For the past several days, the city of Detroit has received a growing number of threats made against schools. Since the Parkland, Florida shooting in February 2018, the Detroit Police Department received 40 threats concerning school shootings, bombing of schools and/or both. Some of the threats made were generated by teens and posted on various social platforms. One of the threats targeted people, inciting significant fear and anxiety.
Today, Detroit Police Chief James Craig, along with several members from the local, state and federal partners including neighboring policing agencies, held a news conference in efforts to stop the threats. “We takes threats very serious and investigate all complaints,” Craig said. “We will find you, no matter how old you are and we will arrest you. We take every threat seriously and we are going to respond.”
As of today, 3 juveniles (14, 14 & 16) were detained and a 17-year old male arrested for their recent involvement in threats made against schools, with two of them being charged. Additional investigations is continuing with the possibility of more arrests and/or detainments. During today’s news conference, parents were strongly encouraged to monitor their children’s social media usage to avoid future consequences.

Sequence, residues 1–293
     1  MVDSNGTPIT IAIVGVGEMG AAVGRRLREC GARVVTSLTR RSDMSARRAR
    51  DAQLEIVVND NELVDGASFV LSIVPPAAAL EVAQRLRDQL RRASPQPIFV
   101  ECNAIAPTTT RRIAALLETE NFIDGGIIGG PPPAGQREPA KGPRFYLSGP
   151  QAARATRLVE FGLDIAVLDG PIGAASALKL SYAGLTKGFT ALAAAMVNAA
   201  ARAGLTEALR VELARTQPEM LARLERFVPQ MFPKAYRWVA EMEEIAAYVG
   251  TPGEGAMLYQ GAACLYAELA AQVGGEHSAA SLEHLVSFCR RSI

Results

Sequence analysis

During the press conference, Chief Craig was joined by several members from the local, state and federal law enforcement agencies and neighboring policing departments. Among the attendees were representatives from the United States Attorney General’s Office Eastern District of Michigan, Michigan State Police, Federal Bureau of Investigations, Wayne County Sheriff’s Office, Wayne State University Police Department, Westland Police Department, and Madison Heights Police Department.
Acknowledgements were given to the Detroit Police Department’s Cyber Crime Unit for their significant role in investigating and resolving cyber threats. Additional recognition was given to the Detroit Public Schools Police Department, Federal Bureau of Investigations, supporting partners and the community.
“We are sending a unified message that we are serious about this concern. If you see something, say something and if you say something, we will respond,” said Chief Craig.